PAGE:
The term “free agency frenzy” applies well to the Chicago Bears and their approach to the open market over the last week or so. General manager Ryan Poles has opened the checkbook for several players — nine, to be exact — who will all pay dividends in 2023.
Linebacker Tremaine Edmunds is the big get, but he isn’t alone in the newcomers who will help reshape the Bears’ lineup. TJ Edwards (LB), DeMarcus Walker (DL), and Andrew Billings (DL) round out the defensive upgrades, while Nate Davis (OG), D’Onta Foreman (RB), and Travis Homer (RB) are quality additions on offense. And don’t forget about the trade that acquired DJ Moore from the Carolina Panthers. He, alone, will change the entire dynamic on offense.
But for all the upgrades Poles has made, there’s still a lot of work to do. He’ll use the 2023 NFL Draft to add foundational pieces to the Chicago Bears roster, and now that many of the key free agent signings are already in place, it’s worth running a three-round mock draft to see what kind of haul the Bears might pull.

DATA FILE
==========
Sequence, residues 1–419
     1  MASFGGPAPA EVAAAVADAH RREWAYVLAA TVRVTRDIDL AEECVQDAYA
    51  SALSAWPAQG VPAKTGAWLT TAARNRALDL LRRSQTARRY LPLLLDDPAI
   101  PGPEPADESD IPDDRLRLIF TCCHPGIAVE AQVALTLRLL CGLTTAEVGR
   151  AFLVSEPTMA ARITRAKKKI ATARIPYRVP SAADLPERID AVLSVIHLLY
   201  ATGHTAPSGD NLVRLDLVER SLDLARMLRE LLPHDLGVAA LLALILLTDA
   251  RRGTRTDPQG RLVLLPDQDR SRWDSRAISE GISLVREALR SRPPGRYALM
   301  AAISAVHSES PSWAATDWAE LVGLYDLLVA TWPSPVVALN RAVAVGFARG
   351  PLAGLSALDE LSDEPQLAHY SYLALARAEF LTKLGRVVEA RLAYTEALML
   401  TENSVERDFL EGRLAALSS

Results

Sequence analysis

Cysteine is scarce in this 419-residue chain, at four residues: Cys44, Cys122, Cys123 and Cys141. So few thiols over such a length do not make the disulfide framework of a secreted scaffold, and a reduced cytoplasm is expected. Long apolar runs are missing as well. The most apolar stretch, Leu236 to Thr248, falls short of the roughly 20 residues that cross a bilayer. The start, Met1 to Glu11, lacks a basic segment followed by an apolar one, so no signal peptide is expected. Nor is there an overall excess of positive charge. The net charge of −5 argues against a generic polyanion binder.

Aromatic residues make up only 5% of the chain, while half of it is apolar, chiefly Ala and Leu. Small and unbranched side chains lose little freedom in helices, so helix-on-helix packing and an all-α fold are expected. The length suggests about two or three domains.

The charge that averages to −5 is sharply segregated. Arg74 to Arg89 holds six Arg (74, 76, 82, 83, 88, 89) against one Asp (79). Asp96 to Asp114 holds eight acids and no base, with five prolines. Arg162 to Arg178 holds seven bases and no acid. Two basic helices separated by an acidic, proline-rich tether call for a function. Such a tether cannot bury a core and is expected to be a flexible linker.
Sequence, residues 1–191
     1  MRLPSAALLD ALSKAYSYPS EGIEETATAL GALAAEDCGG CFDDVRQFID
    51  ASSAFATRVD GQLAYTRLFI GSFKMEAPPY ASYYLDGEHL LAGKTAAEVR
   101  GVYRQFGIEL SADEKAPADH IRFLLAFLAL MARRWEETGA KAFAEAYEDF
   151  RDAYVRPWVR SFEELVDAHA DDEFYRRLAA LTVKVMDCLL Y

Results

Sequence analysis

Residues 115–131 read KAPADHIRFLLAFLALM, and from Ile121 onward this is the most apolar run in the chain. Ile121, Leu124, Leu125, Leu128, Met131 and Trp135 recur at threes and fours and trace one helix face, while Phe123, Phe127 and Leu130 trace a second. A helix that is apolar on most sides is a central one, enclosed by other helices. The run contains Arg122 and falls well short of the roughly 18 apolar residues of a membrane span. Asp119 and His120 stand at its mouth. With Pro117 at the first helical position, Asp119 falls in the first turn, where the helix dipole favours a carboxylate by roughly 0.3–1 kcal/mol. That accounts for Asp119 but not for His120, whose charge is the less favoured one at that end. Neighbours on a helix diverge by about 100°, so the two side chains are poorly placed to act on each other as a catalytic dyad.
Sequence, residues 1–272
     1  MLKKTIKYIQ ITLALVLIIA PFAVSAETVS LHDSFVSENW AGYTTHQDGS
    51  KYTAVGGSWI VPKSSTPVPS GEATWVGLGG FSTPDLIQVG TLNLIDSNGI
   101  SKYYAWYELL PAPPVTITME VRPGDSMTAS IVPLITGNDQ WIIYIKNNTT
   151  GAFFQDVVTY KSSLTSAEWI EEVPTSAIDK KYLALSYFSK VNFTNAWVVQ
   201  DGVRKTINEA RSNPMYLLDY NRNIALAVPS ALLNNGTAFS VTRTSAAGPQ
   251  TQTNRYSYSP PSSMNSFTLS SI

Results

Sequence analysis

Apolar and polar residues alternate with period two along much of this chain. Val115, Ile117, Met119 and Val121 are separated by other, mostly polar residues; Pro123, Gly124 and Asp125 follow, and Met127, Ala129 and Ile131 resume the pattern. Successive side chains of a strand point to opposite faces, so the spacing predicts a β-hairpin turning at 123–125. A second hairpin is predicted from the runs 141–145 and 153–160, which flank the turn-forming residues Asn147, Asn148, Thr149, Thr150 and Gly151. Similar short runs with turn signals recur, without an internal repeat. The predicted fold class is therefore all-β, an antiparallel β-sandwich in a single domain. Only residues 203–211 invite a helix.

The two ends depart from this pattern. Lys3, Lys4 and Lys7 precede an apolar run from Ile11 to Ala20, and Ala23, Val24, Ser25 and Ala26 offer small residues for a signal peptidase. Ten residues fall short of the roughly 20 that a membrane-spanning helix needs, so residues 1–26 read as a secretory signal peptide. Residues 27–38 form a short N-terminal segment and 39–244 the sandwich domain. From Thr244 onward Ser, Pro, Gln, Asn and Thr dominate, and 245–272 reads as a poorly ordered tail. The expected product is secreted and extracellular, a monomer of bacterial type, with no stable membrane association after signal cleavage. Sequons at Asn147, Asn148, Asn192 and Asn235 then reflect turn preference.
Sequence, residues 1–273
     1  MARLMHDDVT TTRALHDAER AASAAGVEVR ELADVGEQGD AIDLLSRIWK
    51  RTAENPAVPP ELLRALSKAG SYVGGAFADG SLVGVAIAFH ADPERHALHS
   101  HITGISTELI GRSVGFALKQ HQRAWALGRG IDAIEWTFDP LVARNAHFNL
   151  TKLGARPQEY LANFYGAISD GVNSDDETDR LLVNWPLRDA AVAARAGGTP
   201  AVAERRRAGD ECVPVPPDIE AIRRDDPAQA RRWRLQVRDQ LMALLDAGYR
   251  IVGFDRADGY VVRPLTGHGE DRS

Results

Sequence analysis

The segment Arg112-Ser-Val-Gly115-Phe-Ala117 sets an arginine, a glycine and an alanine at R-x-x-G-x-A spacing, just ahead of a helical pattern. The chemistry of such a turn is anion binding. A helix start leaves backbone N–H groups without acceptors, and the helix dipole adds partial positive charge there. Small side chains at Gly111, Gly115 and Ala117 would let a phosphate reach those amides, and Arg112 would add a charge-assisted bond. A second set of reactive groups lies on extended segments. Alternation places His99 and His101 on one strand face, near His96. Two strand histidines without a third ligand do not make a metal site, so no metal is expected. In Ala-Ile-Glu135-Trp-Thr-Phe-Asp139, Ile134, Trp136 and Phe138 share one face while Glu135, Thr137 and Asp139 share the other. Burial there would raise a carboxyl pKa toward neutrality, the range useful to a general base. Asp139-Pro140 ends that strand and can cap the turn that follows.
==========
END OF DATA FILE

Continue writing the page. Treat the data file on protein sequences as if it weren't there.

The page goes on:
Let’s get after it.
Round 1, Pick 9: Paris Johnson Jr., OT, Ohio State
One of the biggest concerns Bears fans have after the first wave of free agency is the team’s lack of investment at right tackle. With big names like Mike McGlinchey, Jawaan Taylor, and Kaleb McGary all options at the start of free agency, Poles’ lack of urgency at the position suggests he’s targeting a right tackle in the first round.
Enter Paris Johnson Jr. His natural position is left tackle, but he has experience on the right side. He’d be a fantastic choice in Round 1 because there’s a chance he’d unseat Braxton Jones on the left side — Jones can shift to the right. No matter the outcome, he’d pair with Jones to form the best young tackle duo the Bears have had in many years.
Round 2, Pick 54: Adetomiwa Adebawore, DL, Northwestern
This pick seemed like a reach before the NFL Combine. Now, the Chicago Bears must hope Adebawore makes it out of the first round.
Adebawore is a strong candidate to be a trade-up target for Poles and the Bears. His athletic traits for a 280-pound defender are rare, and that’s not hyperbole. He moves at a rate of speed that’s unlike any player of his size who’s entered the league in a long time. And he’s not just an athlete; he’s an explosive defender with an extremely high ceiling as a three-tech in the NFL. And the Bears happen to need one of those.